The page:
The Full Email From Columbia University Rejecting Its Grad Students' Union, Annotated

This image was removed due to legal reasons.

Because they are overworked and underpaid, the graduate student workers at Columbia University—like many others across America—formed a union. Today, Columbia University formally told them to go straight to hell.


Grad student employees and adjunct professors, the lowest-paid work forces in academia, are some of the most active fields for union organizing in America, probably because they tend to be educated enough to understand exactly how they are getting screwed by the enormously rich institutions that employ them for, often, poverty wages. It may or may not be shocking to you to learn that many of our nation’s most prestigious liberal arts universities have sought for any way to break these unions. Now, the universities have a way: the Trump administration’s National Labor Relations Board, which has now passed into Republican control, and which may very well roll back the earlier decision that allowed grad students to unionize in the first place.

Under the general understanding of “good faith,” a school should sit down and bargain with any of its employees once their union is certified—which the Columbia grad students were in December. But since these fine liberal schools now see the prospect of being rescued by an eventual rule change from the Trump administration, some of them figure they can just wait these unions out. Today, Columbia formally informed its grad student workers of their decision to do just that. Here is the full text, with useful plain English translations included.

Date: Tuesday, January 30, 2018 at 2:40 PM

Subject: Status of student assistants under federal law

Dear fellow members of the Columbia community:

The effort by the United Auto Workers to unionize graduate and undergraduate students who serve as teaching and research assistants elicits strong views in and outside our community for understandable reasons. At stake, from the perspective of those seeking to establish a union, are promises of higher compensation and improved benefits. Others among us are deeply concerned about what it means to have an outside party involved in what are ultimately academic and intellectual judgments by faculty members.

Though we are aware that a union actually consists of you, the graduate students, and not any imaginary ‘outside party,’ we find this to be a plausible straw man to use to confuse this issue. We fear the union will cost us money.

We are announcing today our decision not to engage in bargaining with union representatives and to seek review of the status of student assistants by a federal appellate court. We recognize the potential, indeed the likelihood, for disappointment and dispute in our community. Needless to say, we have not come to this decision lightly. Because of the principles at stake—principles essential to the University’s mission of training scholars—we have declined to bargain until the legal process has been allowed to run its course.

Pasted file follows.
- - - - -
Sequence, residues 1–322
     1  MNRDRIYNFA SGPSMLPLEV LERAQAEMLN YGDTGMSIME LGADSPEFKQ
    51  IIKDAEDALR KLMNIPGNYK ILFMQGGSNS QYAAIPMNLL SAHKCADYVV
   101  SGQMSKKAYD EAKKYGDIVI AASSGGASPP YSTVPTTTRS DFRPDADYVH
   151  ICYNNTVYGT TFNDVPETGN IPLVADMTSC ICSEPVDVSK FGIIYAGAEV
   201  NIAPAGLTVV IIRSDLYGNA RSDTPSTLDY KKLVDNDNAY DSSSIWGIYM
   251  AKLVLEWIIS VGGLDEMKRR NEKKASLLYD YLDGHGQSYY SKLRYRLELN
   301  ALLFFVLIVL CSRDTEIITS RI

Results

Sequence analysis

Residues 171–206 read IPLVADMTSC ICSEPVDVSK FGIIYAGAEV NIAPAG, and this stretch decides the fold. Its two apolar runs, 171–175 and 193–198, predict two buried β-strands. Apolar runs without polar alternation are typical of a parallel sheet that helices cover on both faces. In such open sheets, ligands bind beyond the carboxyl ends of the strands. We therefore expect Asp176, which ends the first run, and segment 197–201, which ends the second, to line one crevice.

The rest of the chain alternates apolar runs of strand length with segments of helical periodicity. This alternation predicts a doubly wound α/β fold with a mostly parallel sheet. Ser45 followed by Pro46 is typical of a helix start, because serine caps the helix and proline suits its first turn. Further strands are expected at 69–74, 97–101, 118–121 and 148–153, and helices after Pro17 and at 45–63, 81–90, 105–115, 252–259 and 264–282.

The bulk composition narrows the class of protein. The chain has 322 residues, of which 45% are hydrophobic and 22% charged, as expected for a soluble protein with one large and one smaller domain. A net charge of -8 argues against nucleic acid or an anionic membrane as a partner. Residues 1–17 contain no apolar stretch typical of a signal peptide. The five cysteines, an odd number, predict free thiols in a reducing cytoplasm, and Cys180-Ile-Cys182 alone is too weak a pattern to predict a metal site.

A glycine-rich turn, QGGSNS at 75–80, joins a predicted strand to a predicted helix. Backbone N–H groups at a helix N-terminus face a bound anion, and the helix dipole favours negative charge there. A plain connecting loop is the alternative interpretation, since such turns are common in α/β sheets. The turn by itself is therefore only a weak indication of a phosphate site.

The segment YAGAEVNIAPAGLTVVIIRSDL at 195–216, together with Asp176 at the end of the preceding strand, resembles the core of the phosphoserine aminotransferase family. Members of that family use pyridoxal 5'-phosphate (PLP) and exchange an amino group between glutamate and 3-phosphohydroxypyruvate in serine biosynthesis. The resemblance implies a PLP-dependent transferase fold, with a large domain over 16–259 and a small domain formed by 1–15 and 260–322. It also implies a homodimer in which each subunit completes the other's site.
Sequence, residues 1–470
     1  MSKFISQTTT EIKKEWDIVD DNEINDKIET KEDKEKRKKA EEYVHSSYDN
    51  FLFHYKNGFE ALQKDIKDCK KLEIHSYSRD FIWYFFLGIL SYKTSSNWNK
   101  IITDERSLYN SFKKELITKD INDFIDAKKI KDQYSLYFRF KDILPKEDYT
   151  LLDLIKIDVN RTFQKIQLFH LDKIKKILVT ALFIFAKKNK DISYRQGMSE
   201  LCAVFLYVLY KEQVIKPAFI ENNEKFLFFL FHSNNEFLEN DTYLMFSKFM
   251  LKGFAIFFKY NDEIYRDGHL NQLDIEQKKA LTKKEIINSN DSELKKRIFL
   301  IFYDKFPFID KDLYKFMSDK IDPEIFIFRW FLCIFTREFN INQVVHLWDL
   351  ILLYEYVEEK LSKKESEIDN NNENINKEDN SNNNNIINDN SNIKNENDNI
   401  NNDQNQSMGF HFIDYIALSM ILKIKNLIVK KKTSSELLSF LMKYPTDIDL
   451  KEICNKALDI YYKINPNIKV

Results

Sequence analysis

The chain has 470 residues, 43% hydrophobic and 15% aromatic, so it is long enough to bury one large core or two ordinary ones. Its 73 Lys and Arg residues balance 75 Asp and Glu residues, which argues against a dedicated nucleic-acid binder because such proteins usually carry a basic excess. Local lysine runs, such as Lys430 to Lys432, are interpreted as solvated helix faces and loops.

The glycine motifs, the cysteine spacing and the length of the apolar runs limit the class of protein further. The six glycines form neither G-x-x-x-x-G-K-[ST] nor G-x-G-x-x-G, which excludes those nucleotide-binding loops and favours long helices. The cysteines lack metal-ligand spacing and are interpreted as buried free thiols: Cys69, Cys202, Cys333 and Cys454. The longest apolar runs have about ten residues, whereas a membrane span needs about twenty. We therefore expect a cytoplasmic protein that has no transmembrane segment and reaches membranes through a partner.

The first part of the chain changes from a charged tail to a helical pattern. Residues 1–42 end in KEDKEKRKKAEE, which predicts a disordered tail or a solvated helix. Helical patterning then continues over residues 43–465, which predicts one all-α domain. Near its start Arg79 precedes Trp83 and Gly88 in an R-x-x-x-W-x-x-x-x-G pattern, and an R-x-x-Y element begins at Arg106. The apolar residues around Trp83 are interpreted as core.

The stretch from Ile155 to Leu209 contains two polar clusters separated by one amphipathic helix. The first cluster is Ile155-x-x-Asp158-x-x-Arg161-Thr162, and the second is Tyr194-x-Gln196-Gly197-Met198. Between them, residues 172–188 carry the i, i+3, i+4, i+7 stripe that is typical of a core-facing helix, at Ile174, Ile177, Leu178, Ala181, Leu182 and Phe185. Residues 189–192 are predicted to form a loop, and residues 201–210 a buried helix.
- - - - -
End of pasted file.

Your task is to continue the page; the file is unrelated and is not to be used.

The principle at stake is our ability to pay you poorly and dictate all aspects of your academic career.

We remain convinced that the relationship of graduate students to the faculty that instruct them must not be reduced to ordinary terms of employment. It is a conviction that, in the end, made this admittedly difficult decision straightforward for us. While the National Labor Relations Board’s position on student assistants has shifted repeatedly with changes in political administrations, the University’s view has remained constant, as has our well-established record of collective bargaining with the several unions that appropriately represent thousands of Columbia employees.


Bargaining with unionized janitors does not threaten the fundamental Columbia University business model. But it is crucial that we own the graduate students.

Our concern for these principles and for safeguarding the University’s mission exists alongside our acknowledgment of the concerns students have expressed during the period of union organizing. This is why we have been working productively with the Graduate Student Advisory Council, the Engineering Graduate Student Council, and other student government bodies to address stipend and quality of life issues, and why we will continue to do so. Indeed, within a short time, the University will be announcing a series of new enhancements for graduate students.

In past communications to you about unionization, I have said that we are determined to improve the experience of research and teaching assistants at Columbia because we want to continue to attract the very best graduate students in the world. Our current research and teaching assistants belong to that group of world-class students and future scholars. We have made a lasting commitment to your future, want you to thrive intellectually and personally while you are here, and, therefore, are deeply invested in addressing your concerns.


But not too invested. Haha.

I look forward to continuing to work with you—and for you—in pursuit of these goals.

John H. Coatsworth

When it comes to labor rights, we at Columbia University are formally allies of the Trump administration. Suck it.